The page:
The court is now ruled by five archconservatives, four of them white and fossilized. The fifth reactionary is black but even “whiter” and crustier than the other four.
Supreme Court oral argument recently on the sex discrimination suit against Wal-Mart proves the point.
• Wal-Mart has greatly underpaid women in the same jobs and with the same titles as men.
• Wal-Mart has a terrible record of promoting men rather than women even though the women are often far more qualifed.
Yes, sadly, it is still a man’s world.
The sex-bias case arose in 1999 when Stephanie Odle was fired because she complained about sex discrimination.
And, boy, did she have a doozy of a complaint. As an assistant manager of a Wal-Mart store she discovered that a man with the same title and far less experience was making $10,000 a year more than she was.
The three women on the court — Justices Ginsburg, Sotomayor and Kazan — during oral argument honed in on gender bias in the work place.
“It isn’t at all complicated,” Ginsburg said. “A decision maker … would prefer someone who looked like him.”
Kagan observed that Wal-Mart’s practice may violate civil rights laws.
But two of the “old men,” Justices Scalia and Kennedy, made it clear that a court majority would reject the class-action suit as far too broad, involving 1.5 million past and present women employees.
Moreover, Kennedy asked: “What’s the unlawful policy that Wal-Mart has adopted?” After all, he insisted, the company has a written policy calling for equal treatment without regard to sex.
Surely a Supreme Court justice should know the difference between calling for something and doing something.
A lawyer for the women rightly argued that the corporate culture is all-pervasive, teaching the mostly male supervisors that women are less aggressive than men and therefore less suited to being managers.
Another fact is plain: when the suit was filed against the nation’s largest retailer, two-thirds of its employees were women but 86 percent of the store managers were men.
A federal trial court judge rightly ruled for the women. So did the 9th U.S. Court of Appeals, the best court in America. But Supreme Court reactionaries decide the law of the land. Their rulings are seldom good.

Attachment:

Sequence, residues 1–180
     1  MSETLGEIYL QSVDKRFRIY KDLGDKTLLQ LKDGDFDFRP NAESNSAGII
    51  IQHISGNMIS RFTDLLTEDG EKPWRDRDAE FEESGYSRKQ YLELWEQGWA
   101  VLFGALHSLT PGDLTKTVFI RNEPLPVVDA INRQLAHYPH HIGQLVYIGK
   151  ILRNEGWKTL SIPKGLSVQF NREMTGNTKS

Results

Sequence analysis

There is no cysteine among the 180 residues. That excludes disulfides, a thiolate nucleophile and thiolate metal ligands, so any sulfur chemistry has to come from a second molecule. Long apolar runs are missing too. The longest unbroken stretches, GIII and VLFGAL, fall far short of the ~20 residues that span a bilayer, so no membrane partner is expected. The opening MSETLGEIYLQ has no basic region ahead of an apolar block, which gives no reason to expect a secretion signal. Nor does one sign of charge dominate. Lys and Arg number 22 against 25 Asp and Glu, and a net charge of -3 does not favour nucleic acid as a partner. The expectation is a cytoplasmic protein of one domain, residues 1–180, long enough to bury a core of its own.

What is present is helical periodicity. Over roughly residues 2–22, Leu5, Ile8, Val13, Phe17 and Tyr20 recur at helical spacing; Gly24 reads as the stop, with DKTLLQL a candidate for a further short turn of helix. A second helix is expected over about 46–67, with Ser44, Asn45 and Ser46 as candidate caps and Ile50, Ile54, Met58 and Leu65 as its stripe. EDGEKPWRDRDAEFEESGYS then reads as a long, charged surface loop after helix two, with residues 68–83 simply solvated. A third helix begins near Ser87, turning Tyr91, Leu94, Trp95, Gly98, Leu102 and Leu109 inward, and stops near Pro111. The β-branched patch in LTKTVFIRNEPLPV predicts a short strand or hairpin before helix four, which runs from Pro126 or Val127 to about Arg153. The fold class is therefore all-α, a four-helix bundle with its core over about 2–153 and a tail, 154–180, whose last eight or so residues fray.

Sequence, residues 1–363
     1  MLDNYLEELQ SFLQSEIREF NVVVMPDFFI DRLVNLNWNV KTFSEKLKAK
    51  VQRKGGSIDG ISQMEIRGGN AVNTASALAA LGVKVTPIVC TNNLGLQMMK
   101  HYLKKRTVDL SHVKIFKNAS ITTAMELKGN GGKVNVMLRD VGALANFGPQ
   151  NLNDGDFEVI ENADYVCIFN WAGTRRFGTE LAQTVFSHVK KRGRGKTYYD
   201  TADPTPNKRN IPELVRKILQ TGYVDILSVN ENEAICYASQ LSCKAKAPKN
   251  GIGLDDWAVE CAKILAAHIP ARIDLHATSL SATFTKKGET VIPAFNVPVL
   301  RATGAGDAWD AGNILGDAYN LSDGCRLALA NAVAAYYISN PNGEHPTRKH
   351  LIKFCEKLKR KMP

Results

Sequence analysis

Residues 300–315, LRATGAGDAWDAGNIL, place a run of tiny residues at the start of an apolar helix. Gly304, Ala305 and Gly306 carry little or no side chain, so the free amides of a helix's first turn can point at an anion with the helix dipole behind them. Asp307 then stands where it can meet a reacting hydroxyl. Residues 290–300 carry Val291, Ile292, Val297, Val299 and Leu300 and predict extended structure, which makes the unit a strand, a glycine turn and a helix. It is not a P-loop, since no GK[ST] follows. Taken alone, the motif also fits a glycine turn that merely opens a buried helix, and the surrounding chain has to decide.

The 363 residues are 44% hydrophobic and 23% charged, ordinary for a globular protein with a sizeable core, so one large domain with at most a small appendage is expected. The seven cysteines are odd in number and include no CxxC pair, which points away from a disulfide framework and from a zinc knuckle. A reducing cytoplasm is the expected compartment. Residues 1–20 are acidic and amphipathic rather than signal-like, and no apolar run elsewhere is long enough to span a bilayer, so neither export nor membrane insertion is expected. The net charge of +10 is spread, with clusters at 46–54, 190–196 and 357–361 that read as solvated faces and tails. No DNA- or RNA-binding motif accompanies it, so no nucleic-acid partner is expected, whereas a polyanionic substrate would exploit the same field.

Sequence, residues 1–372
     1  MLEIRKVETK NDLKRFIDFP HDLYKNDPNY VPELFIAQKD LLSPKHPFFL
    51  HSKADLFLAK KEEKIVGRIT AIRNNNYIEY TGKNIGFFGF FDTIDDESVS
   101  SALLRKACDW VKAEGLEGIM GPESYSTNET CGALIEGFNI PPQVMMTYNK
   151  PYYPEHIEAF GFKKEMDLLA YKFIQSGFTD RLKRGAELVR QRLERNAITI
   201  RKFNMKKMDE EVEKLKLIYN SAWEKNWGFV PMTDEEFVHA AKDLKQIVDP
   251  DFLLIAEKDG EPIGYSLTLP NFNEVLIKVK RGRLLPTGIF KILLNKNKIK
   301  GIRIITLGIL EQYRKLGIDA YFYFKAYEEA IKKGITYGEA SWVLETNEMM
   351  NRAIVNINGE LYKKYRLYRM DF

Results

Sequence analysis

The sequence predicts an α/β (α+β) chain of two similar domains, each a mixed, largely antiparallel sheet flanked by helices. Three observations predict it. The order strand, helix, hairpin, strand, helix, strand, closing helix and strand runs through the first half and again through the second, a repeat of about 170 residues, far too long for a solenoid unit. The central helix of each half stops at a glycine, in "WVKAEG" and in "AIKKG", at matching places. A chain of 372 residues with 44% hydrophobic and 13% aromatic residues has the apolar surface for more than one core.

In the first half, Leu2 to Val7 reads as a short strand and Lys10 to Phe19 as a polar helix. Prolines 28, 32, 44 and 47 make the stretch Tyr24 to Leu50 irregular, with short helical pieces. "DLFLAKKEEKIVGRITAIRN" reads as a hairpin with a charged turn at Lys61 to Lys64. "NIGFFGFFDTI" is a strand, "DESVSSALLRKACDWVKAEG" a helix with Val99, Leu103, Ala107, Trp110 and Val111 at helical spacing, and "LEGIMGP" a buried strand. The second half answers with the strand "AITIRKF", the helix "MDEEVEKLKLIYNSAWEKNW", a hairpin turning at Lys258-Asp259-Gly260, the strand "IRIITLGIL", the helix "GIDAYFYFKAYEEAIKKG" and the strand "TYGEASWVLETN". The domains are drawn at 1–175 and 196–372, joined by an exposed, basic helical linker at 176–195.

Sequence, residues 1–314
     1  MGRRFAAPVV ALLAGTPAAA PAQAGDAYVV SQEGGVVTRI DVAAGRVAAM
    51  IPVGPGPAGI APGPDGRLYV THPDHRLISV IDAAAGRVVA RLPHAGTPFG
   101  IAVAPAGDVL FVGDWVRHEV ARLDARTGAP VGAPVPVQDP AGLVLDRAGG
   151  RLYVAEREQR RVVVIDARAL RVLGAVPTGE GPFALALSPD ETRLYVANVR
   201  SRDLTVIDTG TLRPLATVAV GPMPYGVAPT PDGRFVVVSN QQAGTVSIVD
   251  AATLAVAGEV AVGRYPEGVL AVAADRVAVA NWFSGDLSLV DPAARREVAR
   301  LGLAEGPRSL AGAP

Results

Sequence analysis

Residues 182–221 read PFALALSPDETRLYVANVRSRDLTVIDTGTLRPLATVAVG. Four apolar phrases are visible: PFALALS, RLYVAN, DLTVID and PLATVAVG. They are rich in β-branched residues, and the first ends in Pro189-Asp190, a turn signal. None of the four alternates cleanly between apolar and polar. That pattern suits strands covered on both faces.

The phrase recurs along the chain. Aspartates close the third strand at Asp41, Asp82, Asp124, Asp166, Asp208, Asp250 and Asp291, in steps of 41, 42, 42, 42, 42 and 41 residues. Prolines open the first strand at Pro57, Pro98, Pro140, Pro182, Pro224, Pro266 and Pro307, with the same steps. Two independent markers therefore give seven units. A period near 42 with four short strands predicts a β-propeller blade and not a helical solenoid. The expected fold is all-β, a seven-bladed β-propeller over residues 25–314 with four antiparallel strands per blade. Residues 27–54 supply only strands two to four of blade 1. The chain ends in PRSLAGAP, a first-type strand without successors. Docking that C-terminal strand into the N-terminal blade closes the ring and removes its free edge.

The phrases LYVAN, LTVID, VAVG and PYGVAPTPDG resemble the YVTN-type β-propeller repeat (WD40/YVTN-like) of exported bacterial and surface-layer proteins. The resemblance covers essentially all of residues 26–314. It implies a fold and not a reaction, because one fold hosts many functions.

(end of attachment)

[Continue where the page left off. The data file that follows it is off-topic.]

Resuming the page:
Predictions are risky in the newspaper business. Nevertheless, it is apparent from questioning by the justices that Wal-Mart women will lose.
The slogan carved on the façade of the Supreme Court building, “Equal Justice Under Law,” is false. Women do not get equal justice.
— Cardinal Newman of England (“Apologia pro Vita Sua”) in a letter to a friend in 1843.
Justice Thomas has long been a disgrace to the Supreme Court. But he outdid himself in outrageousness in a decision he recently authored for the retrograde camp.
The case, Connick v. Thompson, dealt with the wrongful conviction of John Thompson because New Orleans prosecutors withheld evidence that would have cleared him of a murder charge.
He spent 18 years in prison, 14 on Death Row. He was exonerated when a prosecutor confessed. A trial court found for Thompson, awarding him $14 million in damages for wrongful imprisonment.
But predictably the Robert Court overturned the judgment, 5-4. Thomas wrote that the prosecutor’s office could not be held liable for a single incident of wrong-doing.
Spoken like a right-wing idealogue for a supposedly nonpolitical body.
Dahlia Lithwick of Slate magazine called it “one of the meanest Supreme Court decisions ever.”
It was. Thomas is the so-called justice who wrote that a prisoner had no constitutional claim even though he was slammed to a concrete floor, punched and kicked by a guard after he asked for a grievance form.
Justice Scalia wrote a concurring opinion in that barbarous decision. Scalia is the so-called justice who wrote in 2009 that the Constitution does not forbid “the execution of a convicted defendant who had a full and fair trial but is later able to convince a habeas court that he is ‘actually’ innocent.”
Conservatives often say the Supreme Court is on the side of criminals. No, they are usually on side of due process: fairness, decent treatment and opposition to tyrannical use of power.
Thomas and Scalia oppose the very spirit of due process. Montesquieu expressed that humanist point of view in “The Spirit of Laws,” declaring justice to be the supreme virtue of government.
Jake Highton teaches journalism at the University of Nevada, Reno.